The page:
# 2-body problem - conservation of angular momentum

• dyn
The other is at least as falsifiable as conservation of angular momentum. And of what avail is a predictable assumption if you have no idea if the prediction is correct or not? (And you have no idea if the assumption lacks proper justification.)

I still do not agree with your claim, that the 3rd law conserves angular momentum if you just assume the additional restriction of the direction of forces. It is your assumption that, together with the 3rd law, conserves angular momentum. Such a restriction must be justified (e.g. by experimental observations). If you just assume it than the resulting conservation of momentum is an assumption as well.
I am back to being baffled with what you are arguing about.

• vanhees71
Angular momentum actually is conserved due to the central nature of the force. Forces have a build in conservation of linear momentum (thanks to Newton's 3rd law) but it is not obvious that they also conserve angular momentum. There must be an additional restriction that is not included into the definition of force. Why shouldn't it be mentioned in a book?

Angular momentum is conserved due a system being isolated from external torques. The central nature of any internal forces is irrelevant and angular momentum would be conserved if the internal forces were not central as long as the system was isolated from external torques

I am back to being baffled with what you are arguing about.

As I wrote above: I do not agrere that the 3rd law conserves angular momentum just beause you make an arbitrary assumption.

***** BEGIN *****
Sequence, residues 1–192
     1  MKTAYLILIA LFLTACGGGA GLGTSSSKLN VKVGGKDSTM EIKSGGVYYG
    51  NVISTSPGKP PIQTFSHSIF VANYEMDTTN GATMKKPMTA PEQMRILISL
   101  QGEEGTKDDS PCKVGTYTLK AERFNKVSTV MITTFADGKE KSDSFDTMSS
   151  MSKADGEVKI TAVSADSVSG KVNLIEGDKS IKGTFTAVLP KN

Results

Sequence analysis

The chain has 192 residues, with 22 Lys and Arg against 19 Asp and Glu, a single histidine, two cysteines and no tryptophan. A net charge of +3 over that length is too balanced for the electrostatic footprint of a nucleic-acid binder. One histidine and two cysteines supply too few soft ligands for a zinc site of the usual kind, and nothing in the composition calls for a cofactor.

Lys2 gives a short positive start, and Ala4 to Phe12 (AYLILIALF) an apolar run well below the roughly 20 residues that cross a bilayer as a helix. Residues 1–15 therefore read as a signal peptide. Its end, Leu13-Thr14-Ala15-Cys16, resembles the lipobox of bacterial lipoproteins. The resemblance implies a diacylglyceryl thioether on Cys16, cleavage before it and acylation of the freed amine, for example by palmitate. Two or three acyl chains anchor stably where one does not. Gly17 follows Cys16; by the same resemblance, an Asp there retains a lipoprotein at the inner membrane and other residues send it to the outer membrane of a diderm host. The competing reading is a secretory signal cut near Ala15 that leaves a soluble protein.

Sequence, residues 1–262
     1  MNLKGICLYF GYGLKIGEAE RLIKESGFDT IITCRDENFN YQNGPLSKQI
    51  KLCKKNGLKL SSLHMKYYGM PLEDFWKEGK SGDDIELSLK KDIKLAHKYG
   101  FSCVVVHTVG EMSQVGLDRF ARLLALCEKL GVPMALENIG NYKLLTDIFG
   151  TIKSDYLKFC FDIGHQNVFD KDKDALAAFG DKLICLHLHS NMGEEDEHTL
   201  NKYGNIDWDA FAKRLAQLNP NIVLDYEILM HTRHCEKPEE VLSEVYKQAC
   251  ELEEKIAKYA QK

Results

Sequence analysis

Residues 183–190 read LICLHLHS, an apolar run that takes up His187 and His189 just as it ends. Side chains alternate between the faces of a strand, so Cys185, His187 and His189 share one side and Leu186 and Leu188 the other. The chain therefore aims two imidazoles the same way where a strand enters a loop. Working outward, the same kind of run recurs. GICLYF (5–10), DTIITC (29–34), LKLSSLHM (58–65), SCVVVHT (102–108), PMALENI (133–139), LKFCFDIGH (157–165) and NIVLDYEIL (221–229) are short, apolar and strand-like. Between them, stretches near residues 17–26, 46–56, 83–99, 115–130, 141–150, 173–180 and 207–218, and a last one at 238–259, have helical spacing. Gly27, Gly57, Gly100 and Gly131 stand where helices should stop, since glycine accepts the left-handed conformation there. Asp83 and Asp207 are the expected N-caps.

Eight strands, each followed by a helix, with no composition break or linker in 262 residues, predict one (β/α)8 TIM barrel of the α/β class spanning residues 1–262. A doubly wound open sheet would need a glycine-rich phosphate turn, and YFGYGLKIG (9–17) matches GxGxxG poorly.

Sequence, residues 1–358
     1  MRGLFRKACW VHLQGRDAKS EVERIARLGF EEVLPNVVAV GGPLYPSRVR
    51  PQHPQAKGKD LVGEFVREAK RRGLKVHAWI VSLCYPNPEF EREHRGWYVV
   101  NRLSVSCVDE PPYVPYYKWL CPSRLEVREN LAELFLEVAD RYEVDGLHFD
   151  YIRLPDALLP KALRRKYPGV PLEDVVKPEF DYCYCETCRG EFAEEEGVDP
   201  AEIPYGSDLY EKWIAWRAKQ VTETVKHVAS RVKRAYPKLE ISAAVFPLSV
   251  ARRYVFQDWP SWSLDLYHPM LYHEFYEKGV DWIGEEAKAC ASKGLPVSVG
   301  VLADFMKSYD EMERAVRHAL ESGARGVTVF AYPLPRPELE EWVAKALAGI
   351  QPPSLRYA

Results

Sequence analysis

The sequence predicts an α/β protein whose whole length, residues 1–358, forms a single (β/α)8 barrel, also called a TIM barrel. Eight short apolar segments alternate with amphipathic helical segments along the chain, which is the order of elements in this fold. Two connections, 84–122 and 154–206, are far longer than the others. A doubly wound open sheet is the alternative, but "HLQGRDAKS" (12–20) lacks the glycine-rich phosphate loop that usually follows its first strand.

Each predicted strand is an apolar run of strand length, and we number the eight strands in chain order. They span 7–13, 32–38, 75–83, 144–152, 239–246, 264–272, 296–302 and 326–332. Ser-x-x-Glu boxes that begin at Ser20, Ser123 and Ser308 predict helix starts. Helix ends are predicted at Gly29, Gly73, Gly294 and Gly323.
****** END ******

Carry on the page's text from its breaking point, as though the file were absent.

Angular momentum is conserved due a system being isolated from external torques.

That's obvious. We do not need to discuss about that. The question is if forces comply with conservation of angular momentum. They don't do that by definition (in contrast to conservation of linear momentum). There must be additional restrictions. That's where the central nature of internal forces comes into play.

That's obvious. We do not need to discuss about that. The question is if forces comply with conservation of angular momentum. They don't do that by definition (in contrast to conservation of linear momentum). There must be additional restrictions. That's where the central nature of internal forces comes into play.

I'm shooting in the dark here, but sometimes in the cases where the forces in question are not central, don't you also need to worry about a bunch of other things like the momenta of fields? Self forces seemingly "violate" Newton III but apparently everything turns out okay if you factor in the momentum of the field. Is that relevant here?

I'm shooting in the dark here, but sometimes in the cases where the forces in question are not central, don't you also need to worry about a bunch of other things like the momenta of fields?

Yes, if the forces are not central, momentum must be conserved otherwise and the moment of the field is one posibility. Lorentz force is an example where momentum is primary exchanged with a field and where the force doesn't act in the direction from the source of the field (for the case it has a clear location) to the affected particle. Something like that exceeds the original definition of forces which is limited to interactions between bodies.

• etotheipi